Instead, at a time when politics in Washington and across the nation are marked by bitter partisan fights, the hour-long radio debate between Cox and Democrat Gavin Newsom remained civil, with the candidates sparring on policy and mostly avoiding personal attacks.
Cox, a businessman from the San Diego area, batted away questions about his past statements opposing gay marriage and declined to take a position on the appointment of Brett Kavanaugh to the U.S. Supreme Court.
He stuck closely to the central theme of his campaign, laying the high cost of living in California at the feet of Newsom and the Democratic policies he supports.
The debate - staged on the same day that early voting began in the state - appeared to do little to change the trajectory of the race that heavily favors Newsom.
With the debate broadcast only on the radio during working hours, Cox needed a moment that would get repeated play in the media, said Jack Pitney, a political science professor at Claremont McKenna College in Southern California.
"His chance for a breakout would've been some kind of rhetorical master stroke that put Newsom on the defensive and cast (Cox) as a champion of ordinary Californians," Pitney said. He did not listen to the debate but said media coverage suggested Cox's performance was "underwhelming."
Cox said the campaign is about change versus the status quo.
"I represent change," Cox said in arguing that the policies of Democrats have made California unaffordable.
He repeatedly blamed the influence of special interests in Sacramento for driving up costs, though he identified them only as "environmental groups that fund the Legislature as well as Gavin's campaign."
After the debate, Cox complained that too much time was spent on national issues that the next governor won't influence. He then rushed to an elevator and declined to take questions from reporters.
Newsom, the lieutenant governor and a former San Francisco mayor, tied his rival to President Donald Trump, whose endorsement was crucial to Cox surviving the primary.
Since then, Cox has not talked much about Trump, who is popular among Republicans but viewed negatively by Democrats and unaffiliated voters in California.
"We represent the vast majority of Californians that reject John Cox's absolute allegiance to Trump and Trumpism," Newsom said during what's likely to be the only one-on-one contest between the two men before the Nov. 6 election.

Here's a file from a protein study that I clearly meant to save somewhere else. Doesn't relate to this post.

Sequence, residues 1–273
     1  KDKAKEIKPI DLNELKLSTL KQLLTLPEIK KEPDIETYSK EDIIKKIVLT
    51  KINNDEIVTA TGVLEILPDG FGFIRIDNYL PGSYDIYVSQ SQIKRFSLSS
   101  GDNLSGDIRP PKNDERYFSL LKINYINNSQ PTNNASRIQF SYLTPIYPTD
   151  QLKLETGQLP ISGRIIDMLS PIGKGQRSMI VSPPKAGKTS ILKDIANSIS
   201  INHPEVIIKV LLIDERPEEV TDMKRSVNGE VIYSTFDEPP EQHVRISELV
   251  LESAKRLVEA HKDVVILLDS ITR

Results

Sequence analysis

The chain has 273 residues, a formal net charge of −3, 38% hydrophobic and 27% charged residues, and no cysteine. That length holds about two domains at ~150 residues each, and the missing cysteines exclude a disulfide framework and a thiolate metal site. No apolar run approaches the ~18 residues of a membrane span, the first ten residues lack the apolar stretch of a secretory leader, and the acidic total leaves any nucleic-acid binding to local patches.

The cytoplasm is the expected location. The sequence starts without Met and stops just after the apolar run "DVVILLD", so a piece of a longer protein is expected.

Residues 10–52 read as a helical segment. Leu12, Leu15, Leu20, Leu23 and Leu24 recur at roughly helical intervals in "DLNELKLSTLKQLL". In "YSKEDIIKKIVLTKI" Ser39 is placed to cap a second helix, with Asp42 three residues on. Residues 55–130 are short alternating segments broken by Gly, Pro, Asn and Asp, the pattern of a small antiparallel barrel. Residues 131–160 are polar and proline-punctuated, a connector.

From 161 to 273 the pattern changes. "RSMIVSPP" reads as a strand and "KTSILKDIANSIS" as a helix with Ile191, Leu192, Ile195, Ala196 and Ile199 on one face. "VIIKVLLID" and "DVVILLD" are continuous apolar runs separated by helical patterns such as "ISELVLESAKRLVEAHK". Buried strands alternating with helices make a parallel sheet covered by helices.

Cox stuck with Trump on issues such as ending California's sanctuary state policy and building a wall along the Mexico border.
He declined to weigh in on the bitter fight over Kavanaugh's nomination, even as Republicans nationwide are celebrating his confirmation.
Kavanaugh's confirmation was in doubt after Christine Blasey Ford, a professor from the San Francisco Bay Area, said Kavanaugh assaulted her at a party when both were in high school. Kavanaugh denies the allegation.
Cox issued a call Monday for "more comity, more kindness" in politics, adding "Dr. Ford needed to be heard and should've been believed." Cox did not elaborate.
He declined to say whether he would have voted to confirm Kavanaugh had he been in the Senate.
"I'm not going to get in the middle of that. I'm focused on the issues in California," Cox said.
Newsom opposed Kavanaugh's nomination and says the justice could cast a pivotal vote on cases important to Californians that involve property rights, immigration, abortion and health care.
Both candidates agreed that tackling issues such as housing affordability, homelessness and California's cost of living should be the priority of the next governor, but they presented vastly different visions for how to proceed.
Cox said he'd roll back environmental regulations to make housing construction cheaper and faster, while Newsom points to tax reform to spur governments to approve more housing.
They also differed on criminal justice. Cox opposed a new law that opens police misconduct records to the public, criticized departing Democratic Gov. Jerry Brown's decisions on parole and said he would concentrate on keeping guns out of the hands of the mentally ill over other gun control measures.
He also urged the media to stop publicizing the names and photographs of mass shooters.
Newsom said he would expand Brown's criminal justice reforms, which reduced sentences for some offenses, particularly drug crimes.
A September poll by the Public Policy Institute of California showed Newsom with a comfortable but shrinking lead over Cox - 51 percent to 39 percent with 7 percent of likely voters undecided. The survey had a margin of error of 4 percentage points.
Campaign finance records show Newsom had $16 million in the bank on Sept. 22, compared with $1.7 million for Cox.
AP writer Kathleen Ronayne in Sacramento contributed to this report.
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